This exciting and original volume offers the first comprehensive critical study of the recent profusion of European films and television addressing sexual migration and seeking to capture the lives and experiences of LGBTIQ+ migrants and refugees.
Queering the Migrant in Contemporary European Cinema argues that embodied cinematic representations of the queer migrant, even if at times highly ambivalent and contentious, constitute an urgent new repertoire of queer subjectivities and socialities that serve to undermine the patrolled borders of gender and sexuality, nationhood and citizenship, and refigure or queer fixed notions and universals of identity like ‘Europe’ and national belonging based on the model of the family. At stake ethically and politically is the elaboration of a ‘transborder’ consciousness and aesthetics that counters the homonationalist, xenophobic and homo/trans-phobic representation of the ‘migrant to Europe’ figure rooted in the toxic binaries of othering (the good vs bad migrant, host vs guest, indigenous vs foreigner).
Bringing together 16 contributors working in different national film traditions and embracing multiple theoretical perspectives, this powerful and timely collection will be of major interest to both specialists and students in Film and Media Studies, Gender and Queer Studies, Migration/Mobility Studies, Cultural Studies, and Aesthetics.
Table of Contents
List of Illustrations
List of Contributors
‘Queering The Migrant: Being Beyond Borders’
James S. Williams
Part I: Transmigration of Bodies and Borders
2. ‘The Ghostly Queer Migrant: Queering Time, Place, and Family in Contemporary German Cinema’
3. ‘Trans-ing Gender Boundaries and National Borders: Rethinking Identity in Merzak Allouache’s Chouchou (2003) and Angelina Maccarone’s Fremde Haut/Unveiled (2005)’ Christine Quinan
4. ‘Transnational and Migrant Queer Affects in Two Basque Films’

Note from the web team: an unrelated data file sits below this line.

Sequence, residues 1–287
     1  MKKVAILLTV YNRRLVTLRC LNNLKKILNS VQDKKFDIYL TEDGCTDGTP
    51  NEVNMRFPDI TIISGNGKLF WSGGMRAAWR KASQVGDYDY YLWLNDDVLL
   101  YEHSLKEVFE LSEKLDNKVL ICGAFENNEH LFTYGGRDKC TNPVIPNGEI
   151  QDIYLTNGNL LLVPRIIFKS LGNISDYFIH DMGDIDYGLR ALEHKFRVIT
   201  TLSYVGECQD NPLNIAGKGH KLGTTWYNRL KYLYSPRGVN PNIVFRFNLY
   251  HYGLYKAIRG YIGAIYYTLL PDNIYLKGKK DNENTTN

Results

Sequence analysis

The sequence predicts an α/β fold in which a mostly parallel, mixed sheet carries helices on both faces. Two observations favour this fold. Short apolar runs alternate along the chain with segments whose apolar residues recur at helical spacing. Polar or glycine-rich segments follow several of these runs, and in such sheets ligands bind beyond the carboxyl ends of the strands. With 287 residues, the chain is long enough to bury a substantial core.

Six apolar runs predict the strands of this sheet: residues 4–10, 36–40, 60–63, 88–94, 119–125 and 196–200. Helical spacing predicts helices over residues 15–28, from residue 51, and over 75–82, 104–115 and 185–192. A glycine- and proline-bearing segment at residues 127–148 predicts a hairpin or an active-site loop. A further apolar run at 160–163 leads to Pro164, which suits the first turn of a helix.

Alfredo Martínez Expósito and Santiago Fouz Hernández
5. ‘Queering the Cinematic Field: Migrant Love and Beauty in Rural Europe’
James S. Williams
Part II: Refuge, (Non-)hospitality, and (Anti-)Utopia
6. ‘Post-communist and Queer: Eastern European Queer Migrants on Screen’
7. ‘Eastern Boys (2013): Hospitality, Trauma, Kinship, and the State’
8. ‘Almost Haven: Queer Migrants’ Temporary Refuge in Israel in Paper Dolls (2006), The Bubble (2006), and Out in the Dark (2012)’
9. ‘We are all in Xenialand: Queer poetics, Citizenship and Hospitality in Panos H. Koutras’s Xenia’
Part III: Space, Belonging, and (Anti-)Sociality
10. ‘Queer Belongings: Recent Irish Migrant Cinema’
11. ‘From Migration To Drift: Forging Queer Migrant Spaces and Transborder Relations in Contemporary French Cinema’
James S. Williams
12. ‘Trans-regional Optics and Queer Affiliations in the work of Jonas Carpignano’
13. ‘Inside Out: Invaders, Migrants, Borders, and Queering the Belgian Family’
Part IV: Absence and In/visibility: the Queer Post-Migrant
14. ‘‘‘The Real Deal’: Queering Danish National Identity’
15. ‘Integration, perforce?: (De)queering, (De)abjectifying, and Victimising the Migrant and Minority Figure in Contemporary European Cinema’
16. ‘Facing the Queer Migrant in Nordic Noir’
Part V: Curating Queer Migrant Cinema
17. Interview between Sudeep Dasgupta and James S. Williams
James S. Williams is Professor of Modern French Literature and Film at Royal Holloway, University of London. He is the author of (among others) The Erotics of Passage: Pleasure, Politics, and Form in the Later Work of Marguerite Duras (1997), The Cinema of Jean Cocteau (2006), Jean Cocteau (a ‘Critical Life’) (2008), Space and Being in Contemporary French Cinema (2013) and Encounters with Godard: Ethics, Aesthetics, Politics (2016). He is also co-editor of The Cinema Alone: Essays on the Work of Jean-Luc Godard 1985–2000 (2000), Gender and French Cinema (2001), For Ever Godard: The Cinema of Jean-Luc Godard (2004), Jean-Luc Godard. Documents (2006) (catalogue of the Godard exhibition held at the Centre Pompidou, Paris) and May ‘68: Rethinking France’s Last Revolution (2011). His most recent monograph, Ethics and Aesthetics of African Cinema: The Politics of Beauty, was published by Bloomsbury in 2019.